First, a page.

This guide to taking trains from and to London Paddington focuses on the more unconventional aspects of using the station.
Paddington is arguably London’s most elegant station, it’s certainly one of the few large stations, which looks more magnificent after night falls, the lighting scheme is superb.
But depending on how you arrive at Paddington, it can also be somewhat awkward location in which to take a train.
Although note the use of the word ‘depending’.
If the first part of Paddington mainline station you access is its main concourse, and you’ll be taking a GWR express train or the Heathrow Express, it’s actually a comparatively simple station to use.
This is particularly the case if you arrive at Paddington on a Bakerloo Line train or by a Circle or District Line train which has travelled via Bayswater and Notting Hill.
The part of the Underground station that these trains use is adjacent to the main concourse and you won't have to use any stairs; though you need to take an escalator to/from the Bakerloo line, no lift/elevator is available.
Paddington is a terminus station, so you can wait in or around the main concourse, for the number of the platform/track that your train will be leaving from to be confirmed; though the Heathrow Express trains are always usually scheduled to depart from platforms/tracks 6 and 7.
Behind the main course is an atrium, which houses the main food court and a small shopping mall – handy for picking up last minute travel essentials.
If you will be taking an express GWR train, the number of the platform (track) that it will be leaving from, will appear on the departure screen around 10 – 20 mins before departure.
When it does, it usually prompts a stampede towards the train.
Join the throng if you don’t have a seat reservation, but if you do, hang back and avoid the rush.
You will need to use the ticket gates to access the train, so have your tickets in your hand as you head towards it.
These platforms tracks are only used by the Great Western local trains, but they’re on the far right hand side of the station.
They're somewhat out of sight from the main concourse, as they're not located under the main roof.
Platform (track) 14 is particularly distant from the main concourse, it's located off to the right towards the end of platform 12. (there is no platform 13).
Also trains which use platforms 11 and 12 often only use the far end of the platforms.
It makes for an easier interchange when using the Underground located at that end of the station, but a longer walk from the main concourse.
If you will be heading to Windsor by changing trains at Slough, those trains to Slough can depart from platforms 11-14.
The mainline station is in effect served by two separate Underground stations and what can be confusing is that they're both named Paddington.
The Underground station by the main concourse is served by the Bakerloo line and the District Line; but not by the section of the District Line which serves central London.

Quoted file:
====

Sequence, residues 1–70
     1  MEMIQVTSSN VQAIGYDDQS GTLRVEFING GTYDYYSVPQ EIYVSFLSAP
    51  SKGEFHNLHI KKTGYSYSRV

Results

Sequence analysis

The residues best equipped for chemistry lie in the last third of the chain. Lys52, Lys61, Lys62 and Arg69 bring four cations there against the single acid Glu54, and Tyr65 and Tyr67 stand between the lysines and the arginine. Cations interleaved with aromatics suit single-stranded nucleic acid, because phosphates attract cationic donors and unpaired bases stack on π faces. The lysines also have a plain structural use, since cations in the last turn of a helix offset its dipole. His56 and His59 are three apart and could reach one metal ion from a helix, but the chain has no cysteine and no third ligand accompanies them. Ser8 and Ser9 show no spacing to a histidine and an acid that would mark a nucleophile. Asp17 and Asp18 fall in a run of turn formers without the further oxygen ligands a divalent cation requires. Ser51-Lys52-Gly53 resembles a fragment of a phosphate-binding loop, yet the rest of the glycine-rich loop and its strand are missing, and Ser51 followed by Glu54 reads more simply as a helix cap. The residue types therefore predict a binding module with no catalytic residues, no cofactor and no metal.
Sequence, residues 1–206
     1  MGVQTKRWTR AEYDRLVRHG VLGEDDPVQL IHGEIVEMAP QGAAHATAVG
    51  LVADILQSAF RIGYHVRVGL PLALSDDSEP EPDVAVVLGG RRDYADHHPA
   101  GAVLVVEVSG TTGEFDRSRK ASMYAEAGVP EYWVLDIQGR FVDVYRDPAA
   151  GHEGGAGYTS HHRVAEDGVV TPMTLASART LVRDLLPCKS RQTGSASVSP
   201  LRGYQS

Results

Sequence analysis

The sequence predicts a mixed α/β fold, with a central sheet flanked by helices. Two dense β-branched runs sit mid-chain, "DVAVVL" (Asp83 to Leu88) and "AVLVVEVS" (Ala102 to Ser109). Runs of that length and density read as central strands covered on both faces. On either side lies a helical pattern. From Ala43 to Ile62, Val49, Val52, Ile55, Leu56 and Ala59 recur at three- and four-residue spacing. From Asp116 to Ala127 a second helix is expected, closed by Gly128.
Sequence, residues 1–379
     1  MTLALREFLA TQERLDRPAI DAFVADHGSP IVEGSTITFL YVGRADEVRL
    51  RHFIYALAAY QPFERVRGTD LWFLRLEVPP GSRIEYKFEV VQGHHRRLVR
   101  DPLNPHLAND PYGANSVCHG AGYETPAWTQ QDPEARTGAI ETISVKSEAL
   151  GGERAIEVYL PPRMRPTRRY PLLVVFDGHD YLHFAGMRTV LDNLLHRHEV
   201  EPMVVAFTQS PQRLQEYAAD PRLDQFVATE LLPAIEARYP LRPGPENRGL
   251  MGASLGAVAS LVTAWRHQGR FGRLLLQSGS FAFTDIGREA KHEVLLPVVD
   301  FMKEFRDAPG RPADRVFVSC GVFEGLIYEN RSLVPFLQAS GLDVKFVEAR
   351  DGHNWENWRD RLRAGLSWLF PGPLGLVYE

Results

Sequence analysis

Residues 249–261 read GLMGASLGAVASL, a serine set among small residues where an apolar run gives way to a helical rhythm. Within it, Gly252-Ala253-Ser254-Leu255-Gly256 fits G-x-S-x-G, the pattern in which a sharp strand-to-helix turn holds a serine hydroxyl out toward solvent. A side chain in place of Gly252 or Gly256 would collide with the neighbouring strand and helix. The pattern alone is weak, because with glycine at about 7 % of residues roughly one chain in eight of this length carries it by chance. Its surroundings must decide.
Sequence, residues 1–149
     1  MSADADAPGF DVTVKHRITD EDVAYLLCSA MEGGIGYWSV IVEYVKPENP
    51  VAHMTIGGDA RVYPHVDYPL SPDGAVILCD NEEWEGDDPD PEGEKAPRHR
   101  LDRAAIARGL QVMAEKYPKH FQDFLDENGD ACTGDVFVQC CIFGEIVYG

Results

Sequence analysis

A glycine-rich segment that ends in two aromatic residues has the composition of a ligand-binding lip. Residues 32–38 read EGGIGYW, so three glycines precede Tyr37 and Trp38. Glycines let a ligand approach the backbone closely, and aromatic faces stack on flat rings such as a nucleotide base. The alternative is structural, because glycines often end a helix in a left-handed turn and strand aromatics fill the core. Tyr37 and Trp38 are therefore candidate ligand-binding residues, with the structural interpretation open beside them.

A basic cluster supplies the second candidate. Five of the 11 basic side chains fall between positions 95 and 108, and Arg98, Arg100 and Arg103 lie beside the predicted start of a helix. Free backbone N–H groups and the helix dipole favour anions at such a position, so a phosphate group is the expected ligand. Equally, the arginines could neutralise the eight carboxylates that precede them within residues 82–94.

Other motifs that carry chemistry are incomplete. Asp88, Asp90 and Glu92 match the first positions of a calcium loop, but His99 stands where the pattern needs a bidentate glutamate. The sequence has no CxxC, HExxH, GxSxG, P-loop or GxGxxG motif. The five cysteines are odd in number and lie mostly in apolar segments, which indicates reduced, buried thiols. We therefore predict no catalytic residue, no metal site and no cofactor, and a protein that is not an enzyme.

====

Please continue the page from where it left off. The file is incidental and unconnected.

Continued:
The part of the line which calls at Paddington is its Wimbledon - Edgware Road via Earls Court service.
The anti-clockwise Circle Line trains from South Kensington and Victoria also call at this part of Paddington Underground station.
The clockwise Circle Line trains from/to Liverpool Street via Baker Street and King's Cross use the other part of the Underground station at Paddington - which is located at the opposite end of the mainline station.
This part of the Circle line between Liverpool Street and Hammersmith shares a route with the Hammersmith & City line - so it doesn't matter which of these lines you take.
Though if you will be heading to Paddington from any station between Liverpool Street and Great Portland Street, take care not to board a Metropolitan Line train.
The exit from this Underground station is at an upper level, at the opposite end of the station to the main concourse.
It is adjacent to the current location of the main taxi drop-off and pick up area; hence this info also applying to arriving at Paddington BY TAXI.
When you step off the trains that use this part of the Underground station, you have to head up to the Underground station building above; in addition to the stairs there are also, easy to miss, lifts (elevators) available.
The main exit from this part of the Underground station opens out on to a walkway which runs beside the main station, its roof will be over to the right.
What can be confusing is that this walkway offers a choice of TWO routes to the trains in the main station:
(1) Route one; the short cut:
As indicated by the signs, if you’re happy to use stairs to access the platforms (tracks) which your onward train will be leaving from, you can head over to the right.
This access via the stairs is very close to the exit from this underground station, so it’s a short-cut to the trains; so if your train will be leaving within the next 5 mins, you should definitely take this route.
Though when ShowMeTheJourney was at Paddington recently, there were specific signs pointing to this short-cut for the Heathrow Express trains, but this route does ALSO lead to the Great Western trains.
Take this short cut and you’ll find yourself on a footbridge which spans the station and provides access, by steps only, down to platforms (tracks) 1-14, that the main line trains leave from - platform 1 will be on the far side of this footbridge.
What can be a touch confusing is that each pair of platforms (tracks) in the station has its own dedicated staircase down from the bridge, so take your time and work where your train will be leaving from.
However, only the trains leaving within 15 mins will have the platform (track) that they will be departing from, shown on the departure screens by the entrance to the bridge; and lingering here for the details of later departures to be confirmed, is best avoided.
(2) Route 2;the longer route avoiding the stairs:
If your train isn’t yet showing on the departure indicators (which you have to seek out by the access via the stairs), OR if you want to use the escalators or lifts (elevators) to access your onward train, then take this longer route.
You need to follow the signs which will be pointing the way to those escalator and lifts; which you won’t be able to see as they are a 2-3 min walk away.
As you walk ahead, the taxi drop off and pick-up area at Paddington will be on your left, then at the far side of this taxi area you’ll come to a set of escalators; and over to the left, you’ll see lifts (elevators).
Once you descend into the main station building, you will be in a passage way beside platform 12 and over to the right, at the end of this passage way, you’ll see the main departure concourse.